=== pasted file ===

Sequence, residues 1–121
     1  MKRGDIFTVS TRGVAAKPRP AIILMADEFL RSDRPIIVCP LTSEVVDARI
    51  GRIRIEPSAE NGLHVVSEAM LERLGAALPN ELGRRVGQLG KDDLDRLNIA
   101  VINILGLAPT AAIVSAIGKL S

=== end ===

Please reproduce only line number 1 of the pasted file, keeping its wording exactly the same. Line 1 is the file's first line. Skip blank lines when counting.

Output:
Sequence, residues 1–121